Her skills took her to Iraq in 2005 to the aero-medical staging facility where Johnson prepped patients for evacuation to Kuwait or Ramstein AB for further medical treatment. Later that same year she was traveling to New Orleans to assist the victims left in the wake of Hurricane Katrina.

Today, both women are serving as commanders for the 21st Space Wing, taking special care of the one mission asset that makes them most proud — their Airmen.

“I get to work with awesome people,” said Moran.

She added that watching her Airmen shine and making a positive impact on those around them are what make her job so rewarding.

Sharing this same sentiment, Johnson said she takes care of Airmen so they, in turn, can take care of the mission. It’s through these actions she hopes to leave a lasting impression on others.

“You don’t know what kind of impact you have on others,” Johnson said.

When it comes to being women in the military, a historically male-dominated world, both Moran and Johnson said they have careers they are proud of and had never experienced any maltreatment due to their gender.

Moran said that when sitting in a meeting with fellow commanders, she’s often the only female in the room.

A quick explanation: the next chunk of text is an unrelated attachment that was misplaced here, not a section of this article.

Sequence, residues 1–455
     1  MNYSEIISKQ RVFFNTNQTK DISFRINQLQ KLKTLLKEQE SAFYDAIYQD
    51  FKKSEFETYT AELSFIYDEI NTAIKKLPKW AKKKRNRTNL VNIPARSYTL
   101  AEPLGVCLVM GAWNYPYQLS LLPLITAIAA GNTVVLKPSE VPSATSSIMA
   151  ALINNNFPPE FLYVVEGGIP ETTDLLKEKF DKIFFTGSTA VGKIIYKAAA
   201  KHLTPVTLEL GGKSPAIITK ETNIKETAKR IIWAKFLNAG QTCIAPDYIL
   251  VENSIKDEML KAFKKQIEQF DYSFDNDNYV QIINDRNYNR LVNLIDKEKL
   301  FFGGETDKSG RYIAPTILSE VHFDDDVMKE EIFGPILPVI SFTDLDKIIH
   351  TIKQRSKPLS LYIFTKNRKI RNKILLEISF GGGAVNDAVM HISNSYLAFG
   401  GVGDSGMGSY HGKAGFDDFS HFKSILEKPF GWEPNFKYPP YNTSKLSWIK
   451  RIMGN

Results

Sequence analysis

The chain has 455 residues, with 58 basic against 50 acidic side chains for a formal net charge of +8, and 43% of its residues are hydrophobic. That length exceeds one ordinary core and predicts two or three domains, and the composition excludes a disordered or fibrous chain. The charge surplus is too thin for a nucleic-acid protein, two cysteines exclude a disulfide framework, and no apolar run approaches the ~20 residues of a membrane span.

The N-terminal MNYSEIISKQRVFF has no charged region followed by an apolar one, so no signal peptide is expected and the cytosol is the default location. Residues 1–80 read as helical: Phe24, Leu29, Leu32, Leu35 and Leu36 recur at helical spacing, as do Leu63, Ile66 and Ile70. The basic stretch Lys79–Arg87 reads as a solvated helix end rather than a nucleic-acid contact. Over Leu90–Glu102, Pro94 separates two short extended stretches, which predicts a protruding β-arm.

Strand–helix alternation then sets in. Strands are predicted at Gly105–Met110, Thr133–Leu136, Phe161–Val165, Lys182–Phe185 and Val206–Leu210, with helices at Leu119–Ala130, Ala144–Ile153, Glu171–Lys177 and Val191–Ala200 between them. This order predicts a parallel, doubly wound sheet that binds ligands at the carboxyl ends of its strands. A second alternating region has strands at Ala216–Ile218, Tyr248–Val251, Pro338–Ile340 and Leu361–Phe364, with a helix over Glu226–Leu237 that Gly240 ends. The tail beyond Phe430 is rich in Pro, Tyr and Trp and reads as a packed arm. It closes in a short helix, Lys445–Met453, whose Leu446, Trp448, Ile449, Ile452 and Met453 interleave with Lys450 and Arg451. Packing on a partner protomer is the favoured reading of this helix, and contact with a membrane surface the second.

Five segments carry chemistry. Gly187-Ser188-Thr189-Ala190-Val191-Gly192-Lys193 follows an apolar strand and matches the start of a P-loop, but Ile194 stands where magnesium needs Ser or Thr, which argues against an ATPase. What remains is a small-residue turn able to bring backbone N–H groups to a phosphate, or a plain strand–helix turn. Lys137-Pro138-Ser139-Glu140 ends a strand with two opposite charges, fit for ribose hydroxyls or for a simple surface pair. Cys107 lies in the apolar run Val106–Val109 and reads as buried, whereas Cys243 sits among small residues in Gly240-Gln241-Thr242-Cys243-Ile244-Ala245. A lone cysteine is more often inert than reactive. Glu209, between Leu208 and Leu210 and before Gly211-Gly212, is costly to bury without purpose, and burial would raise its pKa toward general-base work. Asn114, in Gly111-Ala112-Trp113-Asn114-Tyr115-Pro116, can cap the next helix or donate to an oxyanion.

“I don’t feel looked down upon,” said Moran. “I’ve never felt like a minority who was treated differently.”

Johnson also offered words of encouragement and advice for any young women who might have big dreams, but are unsure how to bring those dreams to life.

“Take chances, no matter where or what,” said Johnson. “Sing in public, try out for a sports team, debate, play an instrument, dance, apply for a job, ask a difficult question. The more that girl tries, the better the chances are that she will be heard.”

Johnson added that it’s these trials, the successful and unsuccessful, which build strength and character in young women and help them to surmount any obstacles in their way.

(March is Women’s History Month.)